Prevention and Treatment of Hairy Heel Warts

Gene McCluer, Extension Educator, Hardin County, The Ohio State University 

Generally speaking, sanitation around the barn remains the backbone of fly control. Removal of potential breeding sites will slow the build-up of fly populations. Pyrethrins can be used in misters or foggers for quick knockdown of active fly problems, but they don't offer residual control. These include, but are not limited to, Pyrethrins+Piperonyl butoxide, Ectiban, and Vapona. These products can often be purchased in concentrates or in aerosol cans for use in milk rooms (or the pickup truck). Always read the label before using in livestock facilities.

Residual fly sprays can be used on walls, ceilings, posts, and other fly resting places. This type of product can have from 1 to 7 weeks of control. It may be necessary to remove the cows for 4 hours or until the spray dries. Usually, the manufacturer cautions that you not contaminate feed or water. See specific labels for application recommendations. Products for this use include, but are not limited to: Countdown 2 or Countdown 25% WP, Grenade 10% WP, Atroban 11%, Ecitban 5.7%, Permectrin II 10%, Spinosyn, and Elector. The same materials may be used on fly resting sites outdoors.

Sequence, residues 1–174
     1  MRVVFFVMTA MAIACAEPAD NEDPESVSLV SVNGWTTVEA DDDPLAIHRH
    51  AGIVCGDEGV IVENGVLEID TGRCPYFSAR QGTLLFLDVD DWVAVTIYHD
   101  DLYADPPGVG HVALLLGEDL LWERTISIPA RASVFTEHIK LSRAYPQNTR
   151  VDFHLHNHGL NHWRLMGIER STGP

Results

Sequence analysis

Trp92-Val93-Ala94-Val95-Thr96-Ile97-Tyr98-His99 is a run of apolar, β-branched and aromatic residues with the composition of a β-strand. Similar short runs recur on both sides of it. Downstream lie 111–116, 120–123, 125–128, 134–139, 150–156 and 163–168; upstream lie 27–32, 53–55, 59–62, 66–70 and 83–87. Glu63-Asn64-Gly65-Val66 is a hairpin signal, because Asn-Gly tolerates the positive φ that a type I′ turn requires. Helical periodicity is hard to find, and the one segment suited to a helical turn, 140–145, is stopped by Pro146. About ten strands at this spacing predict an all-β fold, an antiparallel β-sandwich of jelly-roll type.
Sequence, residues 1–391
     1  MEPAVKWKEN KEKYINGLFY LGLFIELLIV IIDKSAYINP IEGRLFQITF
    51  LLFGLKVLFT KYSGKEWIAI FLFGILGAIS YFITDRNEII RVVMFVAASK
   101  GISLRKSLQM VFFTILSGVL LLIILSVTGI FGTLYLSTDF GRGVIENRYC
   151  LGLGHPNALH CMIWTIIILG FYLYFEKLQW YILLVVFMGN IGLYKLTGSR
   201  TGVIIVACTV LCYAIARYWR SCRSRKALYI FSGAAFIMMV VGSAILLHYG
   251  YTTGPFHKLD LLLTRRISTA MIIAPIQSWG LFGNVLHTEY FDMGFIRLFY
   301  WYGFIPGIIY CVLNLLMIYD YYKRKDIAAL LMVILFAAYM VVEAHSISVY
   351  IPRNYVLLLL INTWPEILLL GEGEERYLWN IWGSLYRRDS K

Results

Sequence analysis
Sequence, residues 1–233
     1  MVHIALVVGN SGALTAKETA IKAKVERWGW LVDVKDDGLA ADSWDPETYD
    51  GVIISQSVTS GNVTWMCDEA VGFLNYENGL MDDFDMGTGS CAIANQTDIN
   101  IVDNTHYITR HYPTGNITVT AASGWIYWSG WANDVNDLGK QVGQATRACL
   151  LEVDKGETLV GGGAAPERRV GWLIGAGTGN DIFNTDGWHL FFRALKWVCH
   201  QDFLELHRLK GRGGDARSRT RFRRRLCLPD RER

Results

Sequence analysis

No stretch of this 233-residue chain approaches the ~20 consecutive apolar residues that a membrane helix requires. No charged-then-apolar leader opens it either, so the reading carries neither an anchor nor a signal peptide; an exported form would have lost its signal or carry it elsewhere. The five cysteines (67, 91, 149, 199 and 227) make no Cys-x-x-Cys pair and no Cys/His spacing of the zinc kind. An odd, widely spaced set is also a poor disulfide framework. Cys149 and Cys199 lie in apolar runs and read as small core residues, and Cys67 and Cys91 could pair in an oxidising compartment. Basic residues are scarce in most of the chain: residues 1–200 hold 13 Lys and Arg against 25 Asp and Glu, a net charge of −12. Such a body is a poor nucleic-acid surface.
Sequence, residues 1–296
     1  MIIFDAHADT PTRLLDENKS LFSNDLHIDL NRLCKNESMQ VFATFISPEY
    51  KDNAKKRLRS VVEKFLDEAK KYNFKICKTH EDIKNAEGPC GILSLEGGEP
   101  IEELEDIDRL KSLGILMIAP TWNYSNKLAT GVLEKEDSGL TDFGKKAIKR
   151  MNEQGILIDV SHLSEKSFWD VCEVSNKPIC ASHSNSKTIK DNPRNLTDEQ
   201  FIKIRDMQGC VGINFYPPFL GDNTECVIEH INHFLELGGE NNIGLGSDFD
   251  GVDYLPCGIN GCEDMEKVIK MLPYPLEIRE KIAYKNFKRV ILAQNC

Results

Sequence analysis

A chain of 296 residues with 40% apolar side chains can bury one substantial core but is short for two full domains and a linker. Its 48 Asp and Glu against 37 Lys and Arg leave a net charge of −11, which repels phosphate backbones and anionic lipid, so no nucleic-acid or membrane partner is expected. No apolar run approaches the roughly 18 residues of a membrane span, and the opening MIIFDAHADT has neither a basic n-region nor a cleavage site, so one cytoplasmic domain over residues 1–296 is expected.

For pastured cattle and control of stable flies, face flies, and horn flies, ear tags, dust bags and back or face rubbers may have a place. Make sure the products are labeled for lactating cows, dry cows, or whatever type of animals that are being treated. Baits also can have a place in the fly control program. For more details, see University of Kentucky fact sheet ENT-42 at:

Other resources that are helpful include several lists of insecticide products at Kansas State University. The products are listed according to insecticides and common chemical names at: They are also listed in alphabetical order at:, and by method of application at: